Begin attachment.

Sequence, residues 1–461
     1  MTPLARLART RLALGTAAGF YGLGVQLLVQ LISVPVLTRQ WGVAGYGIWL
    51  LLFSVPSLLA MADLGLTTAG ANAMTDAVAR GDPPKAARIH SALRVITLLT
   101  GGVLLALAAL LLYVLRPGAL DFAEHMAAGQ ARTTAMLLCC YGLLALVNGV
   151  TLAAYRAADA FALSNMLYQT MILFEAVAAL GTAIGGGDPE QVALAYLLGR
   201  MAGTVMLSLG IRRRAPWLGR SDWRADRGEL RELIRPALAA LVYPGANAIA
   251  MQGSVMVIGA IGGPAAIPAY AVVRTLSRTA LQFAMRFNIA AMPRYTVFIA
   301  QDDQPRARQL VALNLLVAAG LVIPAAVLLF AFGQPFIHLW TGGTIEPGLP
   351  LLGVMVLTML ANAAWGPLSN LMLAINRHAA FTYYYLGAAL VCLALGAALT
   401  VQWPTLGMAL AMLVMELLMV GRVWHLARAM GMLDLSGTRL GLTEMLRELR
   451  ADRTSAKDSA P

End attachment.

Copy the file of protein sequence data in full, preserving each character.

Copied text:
Sequence, residues 1–461
     1  MTPLARLART RLALGTAAGF YGLGVQLLVQ LISVPVLTRQ WGVAGYGIWL
    51  LLFSVPSLLA MADLGLTTAG ANAMTDAVAR GDPPKAARIH SALRVITLLT
   101  GGVLLALAAL LLYVLRPGAL DFAEHMAAGQ ARTTAMLLCC YGLLALVNGV
   151  TLAAYRAADA FALSNMLYQT MILFEAVAAL GTAIGGGDPE QVALAYLLGR
   201  MAGTVMLSLG IRRRAPWLGR SDWRADRGEL RELIRPALAA LVYPGANAIA
   251  MQGSVMVIGA IGGPAAIPAY AVVRTLSRTA LQFAMRFNIA AMPRYTVFIA
   301  QDDQPRARQL VALNLLVAAG LVIPAAVLLF AFGQPFIHLW TGGTIEPGLP
   351  LLGVMVLTML ANAAWGPLSN LMLAINRHAA FTYYYLGAAL VCLALGAALT
   401  VQWPTLGMAL AMLVMELLMV GRVWHLARAM GMLDLSGTRL GLTEMLRELR
   451  ADRTSAKDSA P